Laminitis and Founder
Most horse owners have heard of these insidious conditions
and many have had personal experience themselves. In fact,
according to Dr. Chris Pollit, Director of the Australian
Equine Laminitis Research Unit at Queensland University,
chronic laminitis and founder are the 2 nd biggest killer
of horses after colic.
A common belief is that laminitis is a hoof problem but
in reality it is a whole body issue which shows up in the
hoof. It therefore makes sense that it is increasingly being
found among hoof care providers and holistic experts that
horses living a more natural life are much more resistant
to this condition. A horse with natural bare feet, allowed
24/7 turnout with little to no chemical usage and a strong
immune system due to a balanced diet are at the least risk.
By understanding the basics of laminitis and founder, what
triggers can be and a holistic approach to prevention and
treatment, owners are not at the total mercy of this dreaded
laminitis and founder are referred to in the same context;
however this is a wrong assumption. In order to get a better
grasp at this, one must understand some basic definitions.
- Laminae is the connective tissue which attaches the
hoof wall to the coffin bone.
- Laminitis is inflammation of the laminae
and this process follows certain stages in development.
is the initial phase within the first 2440 hours
(depending on the cause) in which inflammation
of the laminae is beginning.
||Acute stage is when foot pain is obvious due
to the major inflammation and pressure increase
within the hoof capsule.
||Chronic phase is when the laminae are beginning
to give way, releasing their hold on the coffin
- Founder occurs when the laminae can no longer hold
the coffin bone in place and it moves to an unnatural
position within the hoof.
||Rotation happens when only the toe
or tip of the coffin bone has rotated downward.
||Sinking happens when all the laminae release causing
the whole coffin bone to drop down.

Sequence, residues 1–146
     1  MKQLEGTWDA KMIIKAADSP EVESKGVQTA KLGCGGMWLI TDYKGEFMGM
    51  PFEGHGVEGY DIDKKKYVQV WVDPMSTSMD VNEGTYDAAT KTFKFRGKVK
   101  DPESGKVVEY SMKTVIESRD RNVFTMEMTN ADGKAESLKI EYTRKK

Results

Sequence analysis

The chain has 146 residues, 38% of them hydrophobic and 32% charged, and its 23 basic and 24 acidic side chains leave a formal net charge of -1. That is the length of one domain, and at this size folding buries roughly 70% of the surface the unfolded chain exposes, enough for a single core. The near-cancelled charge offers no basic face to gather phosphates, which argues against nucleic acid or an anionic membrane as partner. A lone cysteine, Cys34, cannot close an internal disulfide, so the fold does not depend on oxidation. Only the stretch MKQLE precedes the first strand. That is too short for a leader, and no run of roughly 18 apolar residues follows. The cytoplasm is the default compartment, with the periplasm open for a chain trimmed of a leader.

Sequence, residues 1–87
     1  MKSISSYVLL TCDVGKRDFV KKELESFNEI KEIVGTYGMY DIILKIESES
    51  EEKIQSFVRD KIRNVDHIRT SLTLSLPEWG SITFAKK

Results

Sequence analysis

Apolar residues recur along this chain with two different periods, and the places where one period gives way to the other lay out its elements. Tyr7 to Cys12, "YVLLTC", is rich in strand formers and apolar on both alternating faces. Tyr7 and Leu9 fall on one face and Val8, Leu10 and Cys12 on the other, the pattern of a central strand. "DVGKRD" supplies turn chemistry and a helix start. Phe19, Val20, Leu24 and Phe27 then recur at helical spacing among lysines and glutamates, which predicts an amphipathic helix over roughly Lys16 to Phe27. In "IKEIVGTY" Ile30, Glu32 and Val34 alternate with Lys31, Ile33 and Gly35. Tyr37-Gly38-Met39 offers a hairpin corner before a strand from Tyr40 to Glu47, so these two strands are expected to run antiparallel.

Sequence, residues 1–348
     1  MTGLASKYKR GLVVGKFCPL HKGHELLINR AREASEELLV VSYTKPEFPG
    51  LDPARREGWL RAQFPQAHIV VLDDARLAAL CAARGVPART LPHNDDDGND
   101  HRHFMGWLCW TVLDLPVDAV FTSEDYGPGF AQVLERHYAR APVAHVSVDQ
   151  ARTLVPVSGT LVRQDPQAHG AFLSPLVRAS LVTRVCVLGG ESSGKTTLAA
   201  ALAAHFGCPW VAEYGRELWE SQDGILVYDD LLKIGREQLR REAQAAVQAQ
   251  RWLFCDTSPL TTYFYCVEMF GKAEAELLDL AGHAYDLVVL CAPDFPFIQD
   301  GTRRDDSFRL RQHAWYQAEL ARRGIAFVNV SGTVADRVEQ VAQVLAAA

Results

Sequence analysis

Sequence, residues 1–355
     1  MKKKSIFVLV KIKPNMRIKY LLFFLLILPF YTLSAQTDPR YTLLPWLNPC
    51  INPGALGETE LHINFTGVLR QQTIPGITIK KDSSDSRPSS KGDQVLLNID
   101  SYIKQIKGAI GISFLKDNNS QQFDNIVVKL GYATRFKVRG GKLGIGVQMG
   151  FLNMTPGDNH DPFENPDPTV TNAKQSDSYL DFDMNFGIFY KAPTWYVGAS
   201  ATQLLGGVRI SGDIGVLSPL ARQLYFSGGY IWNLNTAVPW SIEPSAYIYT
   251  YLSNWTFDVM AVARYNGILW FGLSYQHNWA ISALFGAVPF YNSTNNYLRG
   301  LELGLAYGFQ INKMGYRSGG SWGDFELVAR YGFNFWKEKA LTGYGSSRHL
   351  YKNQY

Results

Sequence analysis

||Mechanical founder usually happens over time due
to unnatural force on unbalanced hooves causing
tearing of the laminae.
Coffin bone penetration
Photo: Dr Tom Teskey
Signs of laminitis
and founder are usually easy to spot by an observant caretaker
and often but not always appear only in one or both front
feet. During the developmental state, the horse may appear
a little “off”, depressed and may show signs
of other issues such as a fever, slight dehydration or colic.
Pain begins during the acute phase and shifting of weight,
holding up the limb, lying down or the classical founder
stance may be observed. This stance is when the horse places
his front feet forward and rocks back on his hindend to
shift the weight off the painful toes. Often times, the
hoof will be warm and exaggerated pulses might be felt over
the fetlock. Once moving to the chronic and founder stage,
physical signs in the hoof will be observed such as flaring,
stretched white line, depression or softness near the coronary
band, ridges in the hoof wall, abnormal flat or bulging
sole and in some cases, penetration of the coffin bone through
the sole. Although this sounds gruesome it’s important
to know that just because a horse has a laminitic attack
does not always mean that the condition will move to full
founder. More about that later.
Although a trigger can often be determined, it’s usually
is just the “straw that breaks the camel’s back”
and the horse was a laminitic candidate to begin with. Later
in this article natural practices to overcome these cumulative
issues will be covered, but first some common triggers are
- Grain Overload is a fairly common trigger. Many have
heard of horses getting into a feed bin and ingesting
grain resulting in a high concentration of starch. This